Prepaid credit cards -- also known as prepaid debit cards -- are becoming more popular with consumers in the U.S. But unlike many credit cards, which have no annual fees, these prepaid cards will cost you. A recent article in Time magazine noted that fees for prepaid cards can run anywhere from $10 to $27 a month, which adds up to hefty chunk of money each year.
So why do people continue to use prepaid debit cards? There are several reasons.
Prepaid credit or debit cards are popular with people who don't have a bank account. For those who don't trust banks or who are turned off by the high fees that banks can charge for everything from checking accounts to ATM withdrawals, prepaid cards may appear to be a less costly alternative even with all the charges that they carry. It's also easier to buy a prepaid card than it is to open a bank account, since the cards are readily available online, at banks and at many retail locations.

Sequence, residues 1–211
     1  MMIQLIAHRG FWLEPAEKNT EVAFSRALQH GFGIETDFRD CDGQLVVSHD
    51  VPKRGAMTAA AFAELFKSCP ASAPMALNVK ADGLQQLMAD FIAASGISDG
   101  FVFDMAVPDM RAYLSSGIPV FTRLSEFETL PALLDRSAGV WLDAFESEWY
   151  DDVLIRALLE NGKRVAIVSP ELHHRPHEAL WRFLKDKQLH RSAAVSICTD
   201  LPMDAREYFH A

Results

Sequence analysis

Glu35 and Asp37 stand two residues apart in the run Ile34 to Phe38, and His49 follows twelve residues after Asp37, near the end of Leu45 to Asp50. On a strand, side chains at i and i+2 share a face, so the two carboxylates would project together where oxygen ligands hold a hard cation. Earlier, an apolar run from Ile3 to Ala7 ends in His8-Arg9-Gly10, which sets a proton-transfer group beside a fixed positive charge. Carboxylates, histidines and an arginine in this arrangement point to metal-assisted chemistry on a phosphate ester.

In addition, some prepaid cards will waive their monthly fees if you directly deposit your paycheck to your card, or if you load a certain amount of money on the card each month.
If you're in the market for a prepaid card, be sure that you read the agreements carefully so that you fully understand the fees that you'll pay each month and fees for any other services. For example, many prepaid cards charge you for withdrawing money from an ATM, for checking your account balance or even for calling customer service. These costs can all add up to make a prepaid card a less attractive option than it originally appeared.
Finally, it's important to understand that a prepaid card will not help you build (or rebuild) your credit, since transactions made with these cards are not reported to any credit bureaus. If you are looking for a way to boost your credit score, you're probably better off getting a credit card that's linked to a bank account. You can find some choices on CreditCardXPO’s Credit Cards for People with Limited / No Credit section.